Australia's Gas Exports To Asia Facing Technical And Government Limits

Australia's status as one of the world's top exporters of liquefied natural gas could prove to be short-lived with a double-barreled threat emerging in the forms of a gas shortage and government intervention which could divert LNG shipments from customers in Asia to local consumers

The immediate problem, which could effect some of the world's biggest oil companies such as Royal Dutch Shell, ConocoPhillips and Malaysia's Petronas, is that three LNG projects located on Australia's east coast are using methane gas extracted from coal seams for liquefaction into easily transportable LNG.

Supplies of the coal-seam gas are running down faster than expected causing an energy consultancy to warn that one-third of the east coast LNG industry, located in the State of Queensland, could be closed by the year 2025, less than a decade after $60 billion was invested in their development.

Other Australian LNG projects on the west and north coasts are based on prolific supplies of conventional sources of natural gas and are not effected by what's happening in the coal-seam sector of the business.

The consulting firm, EnergyQuest, said the six operating LNG production facilities (or trains) in the three projects could be cut to four because of the gas shortage and threat of a diversion of supplies to Australian customers, especially manufacturing projects being hit by the gas shortage.

Capacity Shortfall
Last year, the Queensland LNG plants operated at an average of 82% of capacity, with one at just 65% of capacity.

The founder and chief executive of EnergyQuest, Graeme Bethune, said that building the three LNG projects with their six trains was bold and visionary but there was simply insufficient gas to run the export plants efficiently and meet the needs of the domestic market.

"The three Australian east coast projects are all successfully producing, with China the biggest market (70% of 2018 Queensland exports), followed by Korea (17%) and Japan (9%)," Dr Bethune said.

"However, two projects, the Shell operated Queensland LNG, and the Santos-operated Gladstone LNG. are operating well below capacity due to insufficient gas supply and diversions to the domestic market."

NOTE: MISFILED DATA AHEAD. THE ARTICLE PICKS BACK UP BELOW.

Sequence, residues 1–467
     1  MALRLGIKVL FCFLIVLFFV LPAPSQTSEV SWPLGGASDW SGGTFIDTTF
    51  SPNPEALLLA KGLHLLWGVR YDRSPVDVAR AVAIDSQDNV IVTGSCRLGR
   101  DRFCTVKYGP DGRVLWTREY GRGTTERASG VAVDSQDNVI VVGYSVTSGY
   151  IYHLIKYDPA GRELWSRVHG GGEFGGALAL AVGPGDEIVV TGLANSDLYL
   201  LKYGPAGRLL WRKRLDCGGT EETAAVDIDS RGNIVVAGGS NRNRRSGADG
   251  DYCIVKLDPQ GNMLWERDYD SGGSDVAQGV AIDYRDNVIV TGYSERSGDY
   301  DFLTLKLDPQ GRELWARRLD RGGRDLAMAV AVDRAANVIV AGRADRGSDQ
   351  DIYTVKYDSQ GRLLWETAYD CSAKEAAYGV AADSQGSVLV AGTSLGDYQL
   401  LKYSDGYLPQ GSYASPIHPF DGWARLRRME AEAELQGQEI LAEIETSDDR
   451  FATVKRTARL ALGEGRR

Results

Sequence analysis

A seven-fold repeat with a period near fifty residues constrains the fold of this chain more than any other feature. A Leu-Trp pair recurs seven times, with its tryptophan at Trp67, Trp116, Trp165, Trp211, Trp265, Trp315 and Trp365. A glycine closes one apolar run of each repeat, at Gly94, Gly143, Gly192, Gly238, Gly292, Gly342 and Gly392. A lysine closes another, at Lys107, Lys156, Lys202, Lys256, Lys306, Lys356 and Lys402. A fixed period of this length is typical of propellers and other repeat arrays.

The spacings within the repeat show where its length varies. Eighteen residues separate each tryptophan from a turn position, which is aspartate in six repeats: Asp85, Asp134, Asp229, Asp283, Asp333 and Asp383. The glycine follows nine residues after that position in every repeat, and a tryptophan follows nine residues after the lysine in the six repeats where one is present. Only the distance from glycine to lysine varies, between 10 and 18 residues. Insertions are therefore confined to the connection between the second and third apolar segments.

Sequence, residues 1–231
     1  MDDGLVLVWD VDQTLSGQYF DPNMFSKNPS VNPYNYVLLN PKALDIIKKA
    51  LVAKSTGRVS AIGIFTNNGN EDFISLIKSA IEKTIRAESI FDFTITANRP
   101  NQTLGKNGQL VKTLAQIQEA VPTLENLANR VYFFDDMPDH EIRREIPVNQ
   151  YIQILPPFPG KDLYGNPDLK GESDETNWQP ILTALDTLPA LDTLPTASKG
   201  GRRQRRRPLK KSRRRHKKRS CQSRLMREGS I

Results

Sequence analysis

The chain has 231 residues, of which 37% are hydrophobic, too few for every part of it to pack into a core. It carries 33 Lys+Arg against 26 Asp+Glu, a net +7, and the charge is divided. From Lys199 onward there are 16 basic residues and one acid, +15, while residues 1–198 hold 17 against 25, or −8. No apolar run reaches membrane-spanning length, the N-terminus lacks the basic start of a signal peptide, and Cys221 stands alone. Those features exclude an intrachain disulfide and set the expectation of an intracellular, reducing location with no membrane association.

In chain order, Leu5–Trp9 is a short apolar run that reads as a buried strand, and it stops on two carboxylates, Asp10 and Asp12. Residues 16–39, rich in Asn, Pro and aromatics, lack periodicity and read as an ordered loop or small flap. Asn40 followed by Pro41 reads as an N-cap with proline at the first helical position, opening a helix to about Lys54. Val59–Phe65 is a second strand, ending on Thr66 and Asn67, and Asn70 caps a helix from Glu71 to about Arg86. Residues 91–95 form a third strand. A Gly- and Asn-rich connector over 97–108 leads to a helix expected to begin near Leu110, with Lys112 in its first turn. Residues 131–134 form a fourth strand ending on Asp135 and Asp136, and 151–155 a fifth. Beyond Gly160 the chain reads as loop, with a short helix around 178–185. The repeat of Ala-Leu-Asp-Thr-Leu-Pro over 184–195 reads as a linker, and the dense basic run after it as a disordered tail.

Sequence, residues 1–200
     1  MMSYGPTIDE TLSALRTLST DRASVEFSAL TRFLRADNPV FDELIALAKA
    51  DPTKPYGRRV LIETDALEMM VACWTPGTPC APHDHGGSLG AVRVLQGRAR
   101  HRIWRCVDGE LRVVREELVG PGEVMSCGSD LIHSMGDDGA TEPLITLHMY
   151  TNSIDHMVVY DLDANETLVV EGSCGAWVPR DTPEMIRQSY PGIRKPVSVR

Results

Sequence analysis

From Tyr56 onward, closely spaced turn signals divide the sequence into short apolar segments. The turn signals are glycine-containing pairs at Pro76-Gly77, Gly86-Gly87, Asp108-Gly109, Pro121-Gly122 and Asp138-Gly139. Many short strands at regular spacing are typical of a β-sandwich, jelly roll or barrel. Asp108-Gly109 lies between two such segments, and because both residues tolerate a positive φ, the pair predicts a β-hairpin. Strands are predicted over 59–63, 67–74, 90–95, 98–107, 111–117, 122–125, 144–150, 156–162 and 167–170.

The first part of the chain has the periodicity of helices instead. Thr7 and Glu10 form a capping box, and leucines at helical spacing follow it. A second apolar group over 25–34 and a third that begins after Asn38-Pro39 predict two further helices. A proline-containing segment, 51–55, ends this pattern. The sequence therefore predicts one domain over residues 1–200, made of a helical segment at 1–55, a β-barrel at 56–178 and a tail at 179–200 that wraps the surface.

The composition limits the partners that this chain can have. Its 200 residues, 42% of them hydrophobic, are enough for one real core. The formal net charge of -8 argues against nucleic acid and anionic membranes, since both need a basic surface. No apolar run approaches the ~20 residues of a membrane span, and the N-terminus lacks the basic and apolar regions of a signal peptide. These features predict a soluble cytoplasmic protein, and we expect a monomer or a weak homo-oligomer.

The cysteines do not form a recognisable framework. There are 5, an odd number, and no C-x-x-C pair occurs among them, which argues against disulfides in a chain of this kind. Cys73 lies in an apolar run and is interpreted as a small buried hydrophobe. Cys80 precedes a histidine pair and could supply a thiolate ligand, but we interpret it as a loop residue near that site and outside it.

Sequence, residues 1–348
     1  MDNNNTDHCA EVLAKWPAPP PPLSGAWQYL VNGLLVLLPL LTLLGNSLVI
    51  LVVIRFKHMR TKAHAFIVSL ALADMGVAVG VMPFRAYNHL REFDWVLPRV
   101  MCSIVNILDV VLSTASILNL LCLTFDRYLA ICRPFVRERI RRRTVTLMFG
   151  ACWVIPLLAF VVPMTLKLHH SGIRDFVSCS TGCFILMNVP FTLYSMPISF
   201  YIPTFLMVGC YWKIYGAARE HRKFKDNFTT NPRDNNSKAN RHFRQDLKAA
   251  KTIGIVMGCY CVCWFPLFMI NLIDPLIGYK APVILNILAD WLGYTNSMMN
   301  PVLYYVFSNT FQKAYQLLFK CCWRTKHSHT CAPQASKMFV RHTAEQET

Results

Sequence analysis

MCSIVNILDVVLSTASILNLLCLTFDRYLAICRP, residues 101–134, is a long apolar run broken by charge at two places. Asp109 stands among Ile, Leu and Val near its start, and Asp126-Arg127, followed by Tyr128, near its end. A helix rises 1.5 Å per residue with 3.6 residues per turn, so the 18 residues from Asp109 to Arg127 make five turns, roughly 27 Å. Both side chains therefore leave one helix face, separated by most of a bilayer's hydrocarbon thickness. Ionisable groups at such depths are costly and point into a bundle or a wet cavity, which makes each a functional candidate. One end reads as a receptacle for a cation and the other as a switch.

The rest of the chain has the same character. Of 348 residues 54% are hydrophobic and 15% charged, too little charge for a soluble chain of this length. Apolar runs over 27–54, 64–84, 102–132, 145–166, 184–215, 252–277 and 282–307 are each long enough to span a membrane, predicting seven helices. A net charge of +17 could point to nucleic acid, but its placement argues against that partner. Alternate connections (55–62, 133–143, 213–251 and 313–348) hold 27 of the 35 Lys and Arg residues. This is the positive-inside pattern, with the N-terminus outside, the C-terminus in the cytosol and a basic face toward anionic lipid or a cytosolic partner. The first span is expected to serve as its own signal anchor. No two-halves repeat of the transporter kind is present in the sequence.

The coal-seam gas shortage is not a result of insufficient gas in the ground, it is largely a result of political directives which have effectively quarantined large areas of ground from development.

Urgent moves to free up areas for gas development are being made but whether the additional gas supplies are available in time to prevent a crisis is an issue which has triggered a stern warning from Australia's competition regulator, the Australian Competition and Consumer Commission (ACCC).

Rod Sims, chairman of the ACCC, warned earlier today that LNG exporters could be forced by the government to redirect gas to the domestic market if more manufacturers went out of business because of a gas shortage and high domestic gas prices.

He told the Australian Financial Review newspaper that there were already two examples of businesses closing because of the gas crisis, a polystyrene cup maker and a chemical producer. Both use gas in their processes.

"If more businesses start to fail, and I believe they will, pressure will inevitably ramp up on governments to do more," Sims said, adding that the Queensland LNG operators should recognise the politics around the fuel.

They Promised No Crisis
"They promised this current crisis would not happen," Sims said.

Over-reliance on coal seam gas, which does not flow as freely as conventional gas, plus the attraction of high gas prices in Asia, has led to a shortage of gas in Australia's south-east which has the greatest concentration of manufacturing industries.

Political directives limiting gas exploration and production have compounded the problem and led to a number of solutions being proposed, including the construction of transcontinental gas pipeline to deliver west coast gas to eastern customers and the construction of LNG import terminals in Sydney and Melbourne.

Dr Bethune said that while some of the LNG production capacity in Queensland might face closure it would not totally dampen the State's status as a major gas supplier, though it could also be said that the current position was "as good as it will get".

Source: Forbes
Date: Mar 5, 2019